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Start your week off right . . .

by being a good citizen and doing something super easy to protect religious freedom.  Today is the last day to submit public comment on the new “proposed rule” for the HHS Mandate.

As you must have heard a blillion times by now, the mandate would require employers to provide health insurance coverage for contraception, sterilization and abortifacient drugs.  You have probably heard that the administration has altered the law and made a compromise that fixes the problem.

Well, they haven’t.  It doesn’t.  If you go to this page which gives you a VERY, VERY EASY way to submit a public comment, you will see a fact sheet from the USCCB at the bottom which explains why the fix is no fix.  Basically, if you’re the owner of Our Blessed Lady’s Catholic McCatholicy Home for Catholic Catholics and Rosary Giveaways to Catholics, you will still be required to pay for your secretary’s sterilization and her ten-year-old daughter’s “education” about where she can find the morning after pill.  This is how they fixed it for us.

The government is basically telling the people they’re only allowed to be Catholic when they’re actually inside the Church building.  Even if you’re not religious, that should make you very afraid!  Go here to let the administration know that the mandate is still unacceptable, still a flagrant violation of our religious freedom.

And now, once you’ve done the right thing and added your public comment, which is very easy to do and takes like forty seconds, here is your video to start the rest of your Monday off right (and yes, there is a tie-in, but it’s so flimsy I’m just going to let it go):

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7 Humiliatingly Slow Takes with Huffing and Puffing Afterward

1.  I don’t know how successfully I’ve hidden this in the few photos of myself that I’ve put online, but I am 5’5″ and in the last fifteen years, I’ve put on average of seven pounds of permanent weight for each baby.  This is what happens when all you do is sit down.

2.  I was having stabbing pain, excruciating burning from my lower back down to my toes, tingling, numbness, and general unpredictable sciatic misery, which finally sent me to the doctor, because I couldn’t believe that I could become that debilitated just from doing nothing.  The x-ray revealed that I have “mild to moderate degeneration” between the discs of my spine, brought on by age, weight gain, and inactivity, or, in layman’s terms, being a loser.  I am adding that phrase,  “mild to moderate degeneration,” to my list of possible new names for the new blog I’ll never start.  Other possibilities I’ve gathered over the years include what Mark Shea called me one time (“History’s Greatest Monster”), what an outraged reader told my editor (“Fisher Is Unrepentant!”), and what my mechanic wrote about the van (“Misfires Badly Under Any Significant Load”).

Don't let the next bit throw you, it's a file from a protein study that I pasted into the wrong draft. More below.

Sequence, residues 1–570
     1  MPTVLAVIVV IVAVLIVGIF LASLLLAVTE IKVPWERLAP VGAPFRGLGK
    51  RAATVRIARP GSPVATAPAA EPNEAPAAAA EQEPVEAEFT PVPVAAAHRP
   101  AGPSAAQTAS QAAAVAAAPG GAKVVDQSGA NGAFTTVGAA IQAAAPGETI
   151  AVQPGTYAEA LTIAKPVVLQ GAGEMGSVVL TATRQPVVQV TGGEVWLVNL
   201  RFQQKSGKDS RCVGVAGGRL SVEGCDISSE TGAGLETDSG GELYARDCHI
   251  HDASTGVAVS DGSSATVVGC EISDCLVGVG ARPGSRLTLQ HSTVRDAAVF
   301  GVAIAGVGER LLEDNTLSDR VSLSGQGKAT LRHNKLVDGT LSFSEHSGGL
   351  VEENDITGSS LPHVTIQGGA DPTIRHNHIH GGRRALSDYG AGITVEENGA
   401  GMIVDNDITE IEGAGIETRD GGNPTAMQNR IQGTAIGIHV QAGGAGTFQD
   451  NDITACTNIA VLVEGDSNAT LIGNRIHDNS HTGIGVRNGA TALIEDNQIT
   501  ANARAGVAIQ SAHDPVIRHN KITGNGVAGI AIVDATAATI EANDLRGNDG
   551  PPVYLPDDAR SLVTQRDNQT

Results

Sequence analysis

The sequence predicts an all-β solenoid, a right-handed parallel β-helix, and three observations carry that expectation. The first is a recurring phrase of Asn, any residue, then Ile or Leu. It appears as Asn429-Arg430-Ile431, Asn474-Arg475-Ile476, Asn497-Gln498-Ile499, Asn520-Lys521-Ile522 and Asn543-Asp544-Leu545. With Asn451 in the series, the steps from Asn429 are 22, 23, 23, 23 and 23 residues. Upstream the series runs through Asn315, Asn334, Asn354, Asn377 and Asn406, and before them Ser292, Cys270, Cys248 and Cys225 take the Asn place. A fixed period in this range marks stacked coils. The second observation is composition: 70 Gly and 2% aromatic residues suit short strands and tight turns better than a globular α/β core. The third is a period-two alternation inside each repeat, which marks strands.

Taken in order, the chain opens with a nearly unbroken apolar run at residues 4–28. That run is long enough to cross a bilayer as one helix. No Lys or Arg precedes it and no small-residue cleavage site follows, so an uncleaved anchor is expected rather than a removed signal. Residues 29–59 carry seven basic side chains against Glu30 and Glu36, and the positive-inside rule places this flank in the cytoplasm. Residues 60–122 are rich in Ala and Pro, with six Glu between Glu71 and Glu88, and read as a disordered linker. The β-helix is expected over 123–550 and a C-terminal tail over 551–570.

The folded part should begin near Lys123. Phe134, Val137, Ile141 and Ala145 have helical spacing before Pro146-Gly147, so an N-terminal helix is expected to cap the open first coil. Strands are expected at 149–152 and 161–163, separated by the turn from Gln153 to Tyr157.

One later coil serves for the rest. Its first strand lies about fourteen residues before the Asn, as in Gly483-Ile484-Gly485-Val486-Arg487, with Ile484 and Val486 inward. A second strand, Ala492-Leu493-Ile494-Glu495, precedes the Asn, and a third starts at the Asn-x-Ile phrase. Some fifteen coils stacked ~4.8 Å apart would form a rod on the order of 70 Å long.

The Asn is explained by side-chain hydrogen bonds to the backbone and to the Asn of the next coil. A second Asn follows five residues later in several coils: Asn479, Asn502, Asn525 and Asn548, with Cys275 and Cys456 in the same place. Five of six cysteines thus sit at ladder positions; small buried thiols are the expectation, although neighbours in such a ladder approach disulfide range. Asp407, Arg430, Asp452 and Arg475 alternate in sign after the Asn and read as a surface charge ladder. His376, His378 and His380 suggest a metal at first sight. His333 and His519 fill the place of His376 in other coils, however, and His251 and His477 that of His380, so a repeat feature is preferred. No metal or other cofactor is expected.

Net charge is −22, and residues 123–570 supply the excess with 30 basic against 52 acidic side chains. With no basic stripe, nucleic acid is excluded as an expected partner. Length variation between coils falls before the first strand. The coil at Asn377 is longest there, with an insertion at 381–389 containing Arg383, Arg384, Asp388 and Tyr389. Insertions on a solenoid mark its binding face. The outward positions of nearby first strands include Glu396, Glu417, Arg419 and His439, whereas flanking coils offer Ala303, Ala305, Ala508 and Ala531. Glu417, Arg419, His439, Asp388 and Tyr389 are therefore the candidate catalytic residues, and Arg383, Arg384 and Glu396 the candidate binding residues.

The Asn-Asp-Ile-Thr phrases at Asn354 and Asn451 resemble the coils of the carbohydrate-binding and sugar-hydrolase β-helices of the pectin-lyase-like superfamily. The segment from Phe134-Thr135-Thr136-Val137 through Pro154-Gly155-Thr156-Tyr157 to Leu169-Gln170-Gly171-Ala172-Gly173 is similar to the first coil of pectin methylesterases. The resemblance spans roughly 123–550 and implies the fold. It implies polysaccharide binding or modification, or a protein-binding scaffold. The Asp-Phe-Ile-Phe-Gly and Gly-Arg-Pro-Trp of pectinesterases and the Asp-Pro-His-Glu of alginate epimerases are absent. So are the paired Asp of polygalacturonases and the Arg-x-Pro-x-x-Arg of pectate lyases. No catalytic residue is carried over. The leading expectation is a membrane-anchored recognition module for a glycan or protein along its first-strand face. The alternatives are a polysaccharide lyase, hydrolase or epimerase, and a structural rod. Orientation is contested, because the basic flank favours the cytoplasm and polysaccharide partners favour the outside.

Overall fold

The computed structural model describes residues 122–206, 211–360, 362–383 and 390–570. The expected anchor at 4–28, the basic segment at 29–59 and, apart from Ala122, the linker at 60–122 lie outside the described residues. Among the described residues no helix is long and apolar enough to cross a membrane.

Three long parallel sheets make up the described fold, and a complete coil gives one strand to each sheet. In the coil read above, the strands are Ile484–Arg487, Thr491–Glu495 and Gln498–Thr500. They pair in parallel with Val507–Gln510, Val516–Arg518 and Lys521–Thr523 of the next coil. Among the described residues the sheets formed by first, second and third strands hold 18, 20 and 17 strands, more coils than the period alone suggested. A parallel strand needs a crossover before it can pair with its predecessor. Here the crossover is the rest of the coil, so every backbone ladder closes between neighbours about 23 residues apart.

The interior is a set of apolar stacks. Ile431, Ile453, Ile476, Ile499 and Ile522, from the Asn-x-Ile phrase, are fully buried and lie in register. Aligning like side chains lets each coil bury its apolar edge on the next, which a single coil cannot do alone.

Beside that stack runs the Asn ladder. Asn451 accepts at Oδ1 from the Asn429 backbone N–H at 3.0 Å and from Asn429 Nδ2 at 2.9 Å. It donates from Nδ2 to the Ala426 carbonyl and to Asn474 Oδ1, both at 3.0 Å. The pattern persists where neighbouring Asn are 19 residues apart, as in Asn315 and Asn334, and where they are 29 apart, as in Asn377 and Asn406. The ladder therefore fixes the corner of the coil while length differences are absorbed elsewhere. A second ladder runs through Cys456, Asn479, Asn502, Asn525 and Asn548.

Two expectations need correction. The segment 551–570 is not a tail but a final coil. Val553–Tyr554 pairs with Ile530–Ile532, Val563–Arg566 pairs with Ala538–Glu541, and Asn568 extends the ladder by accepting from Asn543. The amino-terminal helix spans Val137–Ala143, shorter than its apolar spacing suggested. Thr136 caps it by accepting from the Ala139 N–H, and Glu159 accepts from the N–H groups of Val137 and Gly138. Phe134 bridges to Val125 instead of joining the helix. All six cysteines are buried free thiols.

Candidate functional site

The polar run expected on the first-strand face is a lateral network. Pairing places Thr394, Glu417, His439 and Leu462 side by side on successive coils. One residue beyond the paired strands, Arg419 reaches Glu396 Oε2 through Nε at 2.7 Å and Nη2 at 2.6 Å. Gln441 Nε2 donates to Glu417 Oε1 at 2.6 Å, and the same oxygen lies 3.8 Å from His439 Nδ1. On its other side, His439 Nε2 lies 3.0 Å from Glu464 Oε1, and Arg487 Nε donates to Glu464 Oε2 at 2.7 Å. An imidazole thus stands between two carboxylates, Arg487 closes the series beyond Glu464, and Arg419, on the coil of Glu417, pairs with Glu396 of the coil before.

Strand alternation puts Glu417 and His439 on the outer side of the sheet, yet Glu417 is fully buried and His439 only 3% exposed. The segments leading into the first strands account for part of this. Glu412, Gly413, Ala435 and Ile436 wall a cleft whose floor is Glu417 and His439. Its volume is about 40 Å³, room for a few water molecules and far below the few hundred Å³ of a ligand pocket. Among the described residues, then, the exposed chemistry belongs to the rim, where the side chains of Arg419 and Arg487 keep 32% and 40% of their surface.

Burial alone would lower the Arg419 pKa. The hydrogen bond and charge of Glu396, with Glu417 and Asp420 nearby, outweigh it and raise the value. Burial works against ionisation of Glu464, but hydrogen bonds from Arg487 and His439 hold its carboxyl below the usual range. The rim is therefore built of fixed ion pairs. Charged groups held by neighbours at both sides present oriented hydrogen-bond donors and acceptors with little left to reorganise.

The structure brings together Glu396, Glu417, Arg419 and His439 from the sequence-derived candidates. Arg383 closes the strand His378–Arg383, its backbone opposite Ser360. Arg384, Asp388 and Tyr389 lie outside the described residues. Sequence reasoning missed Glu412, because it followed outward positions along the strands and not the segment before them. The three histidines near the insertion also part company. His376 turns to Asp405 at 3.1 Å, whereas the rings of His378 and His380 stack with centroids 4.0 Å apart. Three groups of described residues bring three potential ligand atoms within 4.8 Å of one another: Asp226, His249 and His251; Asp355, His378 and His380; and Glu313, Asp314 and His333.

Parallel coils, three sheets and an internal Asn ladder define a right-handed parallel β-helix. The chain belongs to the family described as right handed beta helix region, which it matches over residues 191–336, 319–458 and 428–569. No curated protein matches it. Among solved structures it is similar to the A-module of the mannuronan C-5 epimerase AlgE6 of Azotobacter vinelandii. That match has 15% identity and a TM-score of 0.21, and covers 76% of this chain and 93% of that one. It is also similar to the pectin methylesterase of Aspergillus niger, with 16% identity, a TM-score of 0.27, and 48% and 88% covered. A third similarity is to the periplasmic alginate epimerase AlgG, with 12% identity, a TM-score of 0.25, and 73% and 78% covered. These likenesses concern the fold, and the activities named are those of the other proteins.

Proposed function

3.  A sad little drama recently played out in a shopping plaza nearby.  First there was nothing but a Curves Gym.  Then Five Guys Burger and Fries moved in next door.  Curves held out for a while, but one day the windows went dark, and they packed up and moved away, presumably shaking their chubby fists in rage, with an embarrassing amount of flappy movement around the upper arm area, as they went.  And then, in the space where Curves used to be, Rick’s Gourmet Ice Cream moved in.

4.  This is not going to become one of those tedious blogs that does nothing but record how many reps or grams or kilos or whatever (wait, I think I’m talking about cocaine now) of cardio I accomplished and which variety of kale I like to add to my puke smoothie.  (Sorry, I just friggin hate the whole smoothie thing.  You still have teeth, people.  Use ‘em.)  I will try not to make a big deal out of it unless I think it would be genuinely interesting to someone besides myself and my doctor.

5.  I picked out an exercise DVD that looked like a reasonable place to start.  Today, I did it for the first time, and had two shocks:  one is that it’s designed for senior citizens; and two, it wasn’t easy to keep up.  Argh.  Yep, ol’ Jane Fonda is going on and on about her titanium hip and how great it is that we’re doing so much to combat memory loss, and I’m screaming on the inside “ISN’T TWENTY MINUTES UP YET, YOU HOLLOW CHEEKED BITCH?”

6.  I used to be able to run five miles.  Cursing the whole way, but still, I used to be able to do it.  Now, I can’t even curse for five miles straight, running or not.  I don’t even have profanity stamina anymore.

7.  In the week that has passed since I wrote #1-6, I have put off reading what Pope Francis said about people who complain about 73 distinct times. Because look,  I got the flu, which meant that I was too weak and feverish to do my back exercises, which meant that I couldn’t sleep because of back pain, which meant that the baby decided this would be a fine time to give up sleeping.  Like, just quit, flat out.  She goes to bed at the normal time, but wakes up at 1:30, ready to play.  The next two hours are spent with constructive thoughts like, “WHY ARE YOU DOING THIS TO ME” and “HOW AM I SUPPOSED TO FUNCTION” and “I THINK I HAVE TWO FRIENDS NAMED LYDIA BUT MAYBE ONLY ONE I’M NOT SURE ABOUT THAT BECAUSE THERE IS THAT ONE LYDIA BUT THEN THERE IS THAT OTHER ONE ALSO AND THAT MAKES TWO BUT ON THE OTHER HAND I’M NOT SURE HOW MANY FRIENDS I HAVE NAMED LYDIA.”  (See, fever.)  Then I went to throw up, but my back hurt too much to reach the toilet.  Also, I took a shower and it turned out the soap had a bug on it, and I was washing myself with bug.

And THAT’S why I say sometimes it’s okay to just go through your medicine chest and see what you can find.  Because, sheesh.

For someone with real problems, NOT brought on by being a loser, check out our 7 Quick Takes host, Jen Fulwiler.